4. To stimulate private sector investment, ownership, and operation of space assets, the U.S. Government: will facilitate stable and predictable U.S. commercial sector access to appropriate U.S. Government space-related hardware, facilities and data. The U.S. Government reserves the right to use such hardware, facilities and data on a priority basis to meet national security and critical civil sector requirements. Government Space Sectors shall:
  5. Free and fair trade in commercial space launch services is a goal of the United States. In support of this goal, the United States will implement, at the expiration of current space launch agreements, a strategy for transitioning from negotiated trade in launch services towards a trade environment characterized by the free and open interaction of market economies. The U.S. Trade Representative, in coordination with the Office of Science and Technology Policy and the National Economic Council, will develop a strategy to guide this implementation.
  6. Consistent with Executive Order 12046 and applicable statutes, U.S. Government agencies and departments will ensure that U. S, Government telecommunications policies support a competitive international environment for space-based telecommunications.

Intersector Guidelines

The following paragraphs identify priority intersector guidance to support major United States space policy objectives.

(1) International Cooperation

The United States will pursue and conduct international cooperative space-related activities that achieve scientific, foreign policy, economic, or national security benefits for the nation. International agreements related to space activities shall be subject to normal interagency coordination procedures, consistent with applicable laws and regulations. United States cooperation in international civil space activities will:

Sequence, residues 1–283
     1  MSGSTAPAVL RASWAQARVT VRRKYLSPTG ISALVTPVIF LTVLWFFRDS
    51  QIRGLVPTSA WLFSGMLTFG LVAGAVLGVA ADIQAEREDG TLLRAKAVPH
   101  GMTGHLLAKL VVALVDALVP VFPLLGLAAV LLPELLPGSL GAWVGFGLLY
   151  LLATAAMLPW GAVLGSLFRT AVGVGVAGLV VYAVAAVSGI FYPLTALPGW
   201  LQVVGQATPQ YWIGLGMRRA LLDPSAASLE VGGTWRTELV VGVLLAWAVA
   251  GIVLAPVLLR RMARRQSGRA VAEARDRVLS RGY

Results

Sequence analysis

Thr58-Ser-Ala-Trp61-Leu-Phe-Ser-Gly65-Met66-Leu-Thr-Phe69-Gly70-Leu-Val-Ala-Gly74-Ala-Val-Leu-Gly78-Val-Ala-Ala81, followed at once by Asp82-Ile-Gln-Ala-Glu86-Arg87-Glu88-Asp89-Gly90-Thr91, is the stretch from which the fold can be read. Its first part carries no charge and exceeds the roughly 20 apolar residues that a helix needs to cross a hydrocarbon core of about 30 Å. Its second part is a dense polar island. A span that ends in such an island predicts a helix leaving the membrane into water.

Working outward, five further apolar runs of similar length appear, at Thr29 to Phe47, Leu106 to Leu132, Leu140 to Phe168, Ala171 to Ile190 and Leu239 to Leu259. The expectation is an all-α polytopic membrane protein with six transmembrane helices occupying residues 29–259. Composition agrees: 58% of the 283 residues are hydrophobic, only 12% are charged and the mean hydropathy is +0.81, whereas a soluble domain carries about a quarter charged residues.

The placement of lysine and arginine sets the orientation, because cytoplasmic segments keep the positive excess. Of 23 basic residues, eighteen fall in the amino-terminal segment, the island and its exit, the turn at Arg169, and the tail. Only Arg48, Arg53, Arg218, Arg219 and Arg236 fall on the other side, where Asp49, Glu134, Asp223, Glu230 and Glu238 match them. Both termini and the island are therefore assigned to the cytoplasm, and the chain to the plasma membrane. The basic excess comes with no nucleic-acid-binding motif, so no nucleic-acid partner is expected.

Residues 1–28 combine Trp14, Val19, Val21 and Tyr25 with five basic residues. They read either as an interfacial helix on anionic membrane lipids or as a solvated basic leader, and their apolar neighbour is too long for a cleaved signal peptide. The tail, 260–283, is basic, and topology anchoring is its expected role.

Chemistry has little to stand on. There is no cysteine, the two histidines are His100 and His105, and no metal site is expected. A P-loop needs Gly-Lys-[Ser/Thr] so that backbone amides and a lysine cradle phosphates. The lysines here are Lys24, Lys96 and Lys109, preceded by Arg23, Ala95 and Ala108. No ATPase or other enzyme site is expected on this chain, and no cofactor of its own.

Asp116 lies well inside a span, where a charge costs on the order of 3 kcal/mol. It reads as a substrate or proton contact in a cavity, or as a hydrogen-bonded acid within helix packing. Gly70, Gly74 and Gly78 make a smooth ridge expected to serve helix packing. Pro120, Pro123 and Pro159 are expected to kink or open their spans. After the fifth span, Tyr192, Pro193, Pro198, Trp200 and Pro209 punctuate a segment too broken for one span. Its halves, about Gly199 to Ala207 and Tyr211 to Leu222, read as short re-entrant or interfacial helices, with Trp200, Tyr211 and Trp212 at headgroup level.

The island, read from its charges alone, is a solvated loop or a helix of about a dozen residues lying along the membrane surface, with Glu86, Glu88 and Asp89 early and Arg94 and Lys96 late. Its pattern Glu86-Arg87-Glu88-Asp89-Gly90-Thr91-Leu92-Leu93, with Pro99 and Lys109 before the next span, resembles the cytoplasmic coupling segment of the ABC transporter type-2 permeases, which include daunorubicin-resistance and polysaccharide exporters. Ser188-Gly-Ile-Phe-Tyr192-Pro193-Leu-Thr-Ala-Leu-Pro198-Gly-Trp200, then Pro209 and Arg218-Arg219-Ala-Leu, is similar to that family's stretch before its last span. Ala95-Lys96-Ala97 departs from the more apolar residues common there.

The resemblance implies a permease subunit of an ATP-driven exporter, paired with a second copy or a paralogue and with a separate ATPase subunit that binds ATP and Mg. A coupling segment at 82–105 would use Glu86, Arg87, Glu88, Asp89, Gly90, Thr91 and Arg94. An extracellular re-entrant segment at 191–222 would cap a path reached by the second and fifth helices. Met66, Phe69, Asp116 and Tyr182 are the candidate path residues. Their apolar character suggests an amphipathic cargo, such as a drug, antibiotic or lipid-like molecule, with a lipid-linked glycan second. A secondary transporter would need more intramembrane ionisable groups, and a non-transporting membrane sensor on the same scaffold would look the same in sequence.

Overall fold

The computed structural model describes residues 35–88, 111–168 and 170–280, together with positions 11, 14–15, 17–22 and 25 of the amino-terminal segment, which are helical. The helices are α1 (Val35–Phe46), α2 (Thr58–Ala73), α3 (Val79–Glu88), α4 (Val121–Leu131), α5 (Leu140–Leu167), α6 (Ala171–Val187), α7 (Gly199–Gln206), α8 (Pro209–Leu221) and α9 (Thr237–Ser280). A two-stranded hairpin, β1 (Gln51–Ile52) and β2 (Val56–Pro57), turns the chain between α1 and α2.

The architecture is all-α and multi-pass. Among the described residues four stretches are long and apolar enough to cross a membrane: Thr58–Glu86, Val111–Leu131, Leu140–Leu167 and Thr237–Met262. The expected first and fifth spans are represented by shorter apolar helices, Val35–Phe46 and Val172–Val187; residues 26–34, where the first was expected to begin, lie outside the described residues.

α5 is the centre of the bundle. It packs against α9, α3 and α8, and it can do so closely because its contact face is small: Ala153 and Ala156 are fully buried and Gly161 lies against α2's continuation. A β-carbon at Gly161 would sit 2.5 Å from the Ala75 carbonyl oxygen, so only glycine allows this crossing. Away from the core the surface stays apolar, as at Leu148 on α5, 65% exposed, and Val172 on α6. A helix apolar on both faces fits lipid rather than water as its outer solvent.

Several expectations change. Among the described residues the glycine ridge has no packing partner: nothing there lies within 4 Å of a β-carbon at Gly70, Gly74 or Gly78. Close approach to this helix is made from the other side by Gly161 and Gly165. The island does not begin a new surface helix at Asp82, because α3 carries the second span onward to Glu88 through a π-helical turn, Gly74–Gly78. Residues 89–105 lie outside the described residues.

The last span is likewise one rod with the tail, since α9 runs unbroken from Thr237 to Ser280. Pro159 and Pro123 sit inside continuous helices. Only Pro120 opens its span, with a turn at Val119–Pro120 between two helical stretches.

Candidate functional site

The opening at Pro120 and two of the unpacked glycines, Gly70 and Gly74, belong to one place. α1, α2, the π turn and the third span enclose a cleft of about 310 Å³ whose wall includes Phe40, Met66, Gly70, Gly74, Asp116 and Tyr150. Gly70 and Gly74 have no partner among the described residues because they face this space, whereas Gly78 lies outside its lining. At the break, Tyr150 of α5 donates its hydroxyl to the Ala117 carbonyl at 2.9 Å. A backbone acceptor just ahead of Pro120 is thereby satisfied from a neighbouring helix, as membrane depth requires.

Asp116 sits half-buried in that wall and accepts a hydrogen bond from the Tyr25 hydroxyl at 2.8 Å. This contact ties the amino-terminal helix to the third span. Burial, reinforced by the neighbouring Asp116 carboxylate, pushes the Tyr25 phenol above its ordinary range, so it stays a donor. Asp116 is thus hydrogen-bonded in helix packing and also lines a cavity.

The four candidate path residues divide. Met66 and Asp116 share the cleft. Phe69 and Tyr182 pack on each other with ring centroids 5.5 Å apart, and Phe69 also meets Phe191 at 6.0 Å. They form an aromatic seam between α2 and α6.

(2) Space Transportation (3) Space-based Earth Observation (4) Nonproliferation, Export Controls, and Technology Transfer (5) Arms Control

The United States will consider and, as appropriate, formulate policy positions on arms control and related measures governing activities in space, and will conclude agreements on such measures only if they are equitable, effectively verifiable, and enhance the security of the United States and our allies. The Arms Control and Disarmament Agency (ACDA) is the principal agency within the Federal government for arms control matters. ACDA, in coordination with the DoD, DCI, State, DoE, and other appropriate Federal agencies, will identify arms control issues and opportunities related to space activities and examine concepts for measures that support national security objectives.

(6) Space Nuclear Power

The Department of Energy will maintain the necessary capability to support space missions which may require the use of space nuclear power systems. U.S. Government agency proposals for international cooperation involving space nuclear power systems are subject to normal interagency review procedures. Space nuclear reactors will not be used in Earth orbit without specific approval by the President or his designee. Such requests for approval will take into account public safety, economic considerations, international treaty obligations, and U.S. national security and foreign policy interests. The Office of Science and Technology Policy, in coordination with the NSC staff, will examine the existing approval process, including measures to address possible commercial use of space nuclear systems.

(7) Space Debris

(8) Government Pricing

The price charged for the use of U.S. Government facilities, equipment, and service, will be based on the following principles: